This was not a drill. A week before the Brexit panic, panic gripped users and developers of the Ethereum blockchain when flagship application “The Dao” came under attack.
The Dao is an example of a DAO: Decentralised Autonomous Organisation, a business whose rules are specified in a program running on the Ethereum blockchain, which can own crypto currency and assets, and make decisions about how it will operate. The autonomy and transparency of these organisations are unique and attractive features but any problems in the program are difficult to handle.
The Dao was launched in May immediately attracting huge publicity. Security concerns were raised, and a moratorium suggested, but the project went ahead. The crowdfunding became the largest ever, raising over $150 million in the form of a crypto currency Ether, all of which was owned and controlled by the program running The Dao. Given the size of this fund it is no surprise that it became a tempting target for attackers.
The attack started early on the morning of Friday 17th June with $50 million being syphoned from the main fund into an account controlled by an unknown attacker. The actions carried out by this attacker were all valid actions according to the code running The Dao. It is important to understand that there was no flaw in the Ethereum platform, it was The Dao application that behaved in a way that its developers didn’t intend.
A few days later the Ethereum community, considering a response, had their hands forced by signs of another impending attack, and so struck back in what was termed a ‘white hat attack’, draining the remaining at risk funds from The Dao into friendly accounts. This was mostly successful, though it is possible the attacker may have interfered with the process and some funds may still be at risk.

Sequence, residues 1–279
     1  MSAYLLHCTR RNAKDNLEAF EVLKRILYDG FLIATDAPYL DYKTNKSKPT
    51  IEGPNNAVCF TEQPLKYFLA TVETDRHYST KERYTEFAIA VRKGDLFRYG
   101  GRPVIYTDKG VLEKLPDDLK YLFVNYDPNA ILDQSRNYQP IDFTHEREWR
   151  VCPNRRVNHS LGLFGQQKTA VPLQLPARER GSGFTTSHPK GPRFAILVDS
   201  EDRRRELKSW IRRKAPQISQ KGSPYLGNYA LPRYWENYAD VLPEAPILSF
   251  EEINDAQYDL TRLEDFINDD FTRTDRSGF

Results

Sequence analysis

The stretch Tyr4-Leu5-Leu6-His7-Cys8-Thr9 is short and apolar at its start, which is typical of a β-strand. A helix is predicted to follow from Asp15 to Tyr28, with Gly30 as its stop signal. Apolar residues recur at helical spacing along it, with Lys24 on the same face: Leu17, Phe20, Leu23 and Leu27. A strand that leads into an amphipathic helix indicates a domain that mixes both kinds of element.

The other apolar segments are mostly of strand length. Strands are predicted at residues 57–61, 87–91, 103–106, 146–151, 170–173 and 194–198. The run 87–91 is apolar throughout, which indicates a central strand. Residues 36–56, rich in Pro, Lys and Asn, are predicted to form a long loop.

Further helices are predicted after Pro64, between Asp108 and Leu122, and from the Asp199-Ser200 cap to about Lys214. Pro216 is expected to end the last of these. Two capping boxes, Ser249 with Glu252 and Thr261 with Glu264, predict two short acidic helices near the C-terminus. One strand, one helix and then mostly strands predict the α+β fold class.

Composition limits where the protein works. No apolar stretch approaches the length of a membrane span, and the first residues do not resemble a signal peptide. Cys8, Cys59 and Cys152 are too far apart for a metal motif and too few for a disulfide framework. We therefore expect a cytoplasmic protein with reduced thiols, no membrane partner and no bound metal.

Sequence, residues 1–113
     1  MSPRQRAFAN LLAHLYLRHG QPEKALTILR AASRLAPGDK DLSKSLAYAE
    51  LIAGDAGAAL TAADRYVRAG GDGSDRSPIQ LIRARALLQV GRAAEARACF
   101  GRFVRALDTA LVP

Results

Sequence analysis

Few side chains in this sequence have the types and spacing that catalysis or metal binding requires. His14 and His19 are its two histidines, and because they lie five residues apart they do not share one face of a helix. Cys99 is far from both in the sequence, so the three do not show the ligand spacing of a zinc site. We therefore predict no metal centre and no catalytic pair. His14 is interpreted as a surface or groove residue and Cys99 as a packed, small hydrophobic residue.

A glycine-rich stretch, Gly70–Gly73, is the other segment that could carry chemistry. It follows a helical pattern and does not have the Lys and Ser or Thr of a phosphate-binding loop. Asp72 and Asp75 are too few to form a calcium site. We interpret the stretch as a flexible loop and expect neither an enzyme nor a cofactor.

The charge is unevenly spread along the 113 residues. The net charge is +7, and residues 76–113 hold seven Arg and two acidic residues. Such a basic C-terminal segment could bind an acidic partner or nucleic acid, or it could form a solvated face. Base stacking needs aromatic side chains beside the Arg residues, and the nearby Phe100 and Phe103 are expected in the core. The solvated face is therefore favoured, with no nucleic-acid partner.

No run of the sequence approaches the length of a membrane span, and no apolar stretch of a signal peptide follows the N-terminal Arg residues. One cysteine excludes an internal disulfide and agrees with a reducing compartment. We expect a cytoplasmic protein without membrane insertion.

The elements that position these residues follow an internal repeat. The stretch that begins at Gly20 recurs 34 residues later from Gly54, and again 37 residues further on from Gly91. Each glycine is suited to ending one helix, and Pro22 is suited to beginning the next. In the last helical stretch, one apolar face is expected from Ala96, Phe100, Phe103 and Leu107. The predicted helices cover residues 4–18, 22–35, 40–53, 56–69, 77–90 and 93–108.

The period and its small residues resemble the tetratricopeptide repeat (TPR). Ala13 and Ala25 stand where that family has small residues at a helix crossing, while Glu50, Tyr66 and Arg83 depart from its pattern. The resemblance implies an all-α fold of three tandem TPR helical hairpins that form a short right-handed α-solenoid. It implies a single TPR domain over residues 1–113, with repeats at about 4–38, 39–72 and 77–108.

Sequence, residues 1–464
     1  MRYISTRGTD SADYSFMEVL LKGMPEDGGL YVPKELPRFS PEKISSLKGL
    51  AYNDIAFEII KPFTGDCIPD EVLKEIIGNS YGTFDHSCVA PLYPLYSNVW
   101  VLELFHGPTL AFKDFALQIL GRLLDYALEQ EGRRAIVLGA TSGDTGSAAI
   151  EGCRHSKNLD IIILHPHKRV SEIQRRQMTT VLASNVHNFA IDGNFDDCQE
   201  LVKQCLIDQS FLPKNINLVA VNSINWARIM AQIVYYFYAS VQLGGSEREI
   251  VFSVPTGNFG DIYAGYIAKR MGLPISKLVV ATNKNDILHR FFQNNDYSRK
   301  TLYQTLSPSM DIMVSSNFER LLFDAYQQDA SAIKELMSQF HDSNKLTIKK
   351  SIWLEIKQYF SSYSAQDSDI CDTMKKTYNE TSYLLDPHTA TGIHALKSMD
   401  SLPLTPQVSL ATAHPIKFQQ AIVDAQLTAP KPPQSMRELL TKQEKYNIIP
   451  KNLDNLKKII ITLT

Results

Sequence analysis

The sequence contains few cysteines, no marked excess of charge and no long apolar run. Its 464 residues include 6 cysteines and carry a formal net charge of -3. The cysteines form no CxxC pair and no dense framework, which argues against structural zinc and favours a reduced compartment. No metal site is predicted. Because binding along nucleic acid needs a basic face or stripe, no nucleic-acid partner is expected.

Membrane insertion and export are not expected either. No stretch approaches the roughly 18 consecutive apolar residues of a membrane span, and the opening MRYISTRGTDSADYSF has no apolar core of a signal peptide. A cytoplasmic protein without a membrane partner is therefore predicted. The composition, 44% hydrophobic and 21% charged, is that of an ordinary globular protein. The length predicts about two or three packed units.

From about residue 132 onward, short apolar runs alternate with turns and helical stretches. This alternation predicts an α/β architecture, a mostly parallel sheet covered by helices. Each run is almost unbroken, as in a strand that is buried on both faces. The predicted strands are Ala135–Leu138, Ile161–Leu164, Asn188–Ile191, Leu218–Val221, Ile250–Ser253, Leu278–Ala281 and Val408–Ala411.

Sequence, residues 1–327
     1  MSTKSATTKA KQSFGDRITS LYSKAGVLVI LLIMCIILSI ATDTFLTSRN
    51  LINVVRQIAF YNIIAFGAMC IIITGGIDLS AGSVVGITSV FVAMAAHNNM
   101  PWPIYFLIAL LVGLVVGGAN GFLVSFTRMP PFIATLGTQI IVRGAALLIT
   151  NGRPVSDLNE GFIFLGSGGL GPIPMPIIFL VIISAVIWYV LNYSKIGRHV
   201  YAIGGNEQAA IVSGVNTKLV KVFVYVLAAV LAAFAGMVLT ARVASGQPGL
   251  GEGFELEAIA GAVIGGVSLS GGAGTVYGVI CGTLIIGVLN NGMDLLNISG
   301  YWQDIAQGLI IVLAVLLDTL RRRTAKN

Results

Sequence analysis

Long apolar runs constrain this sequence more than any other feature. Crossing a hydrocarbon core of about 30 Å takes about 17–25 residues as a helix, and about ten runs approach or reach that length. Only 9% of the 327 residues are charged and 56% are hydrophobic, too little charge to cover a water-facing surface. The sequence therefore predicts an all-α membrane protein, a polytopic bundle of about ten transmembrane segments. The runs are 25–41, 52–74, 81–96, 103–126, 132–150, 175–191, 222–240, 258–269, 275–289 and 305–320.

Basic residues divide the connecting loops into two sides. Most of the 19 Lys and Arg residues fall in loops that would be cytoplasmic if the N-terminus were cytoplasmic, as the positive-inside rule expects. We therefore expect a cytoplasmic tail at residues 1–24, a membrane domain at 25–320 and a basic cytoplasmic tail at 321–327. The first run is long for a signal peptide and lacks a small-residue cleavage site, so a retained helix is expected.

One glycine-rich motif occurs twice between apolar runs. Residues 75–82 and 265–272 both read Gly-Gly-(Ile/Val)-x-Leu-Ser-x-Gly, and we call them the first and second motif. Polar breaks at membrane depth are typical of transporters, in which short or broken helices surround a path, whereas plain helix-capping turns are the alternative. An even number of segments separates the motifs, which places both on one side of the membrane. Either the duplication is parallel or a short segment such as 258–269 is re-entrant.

To fork or not to fork
Although the episode is far from over, it is believed that the initial attack stopped when a hard fork of Ethereum was proposed. A hard fork could rollback the malicious transaction, returning the stolen funds, but this requires outside interference to change the blockchain and goes against the principles that the blockchain is immutable and censorship free.
Many in the Ethereum community feel that such a move would set a bad precedent. The majority view however is that a hard fork should be performed before the attacker has a chance to moves his funds to an exchange. If this view forms a consensus in the Ethereum community then after a hard fork The Dao is likely to shutdown returning its funds to the investors.
When developing applications in the future the blockchain should be seen as an unforgiving environment, and I hope that this episode will lead to more careful development and rigorous testing. Rather than taking a big bang approach to application development it is safer to build large applications from tried and tested smaller components.
The attack and response have also illustrated that the Ethereum platform should be considered in a wider sense than just a blockchain and its applications. It also includes a community of users and developers, producing a system whose behaviour is less autonomous than initially thought.
Click here for a set of slides covering an introduction to Ethereum and the hack issue.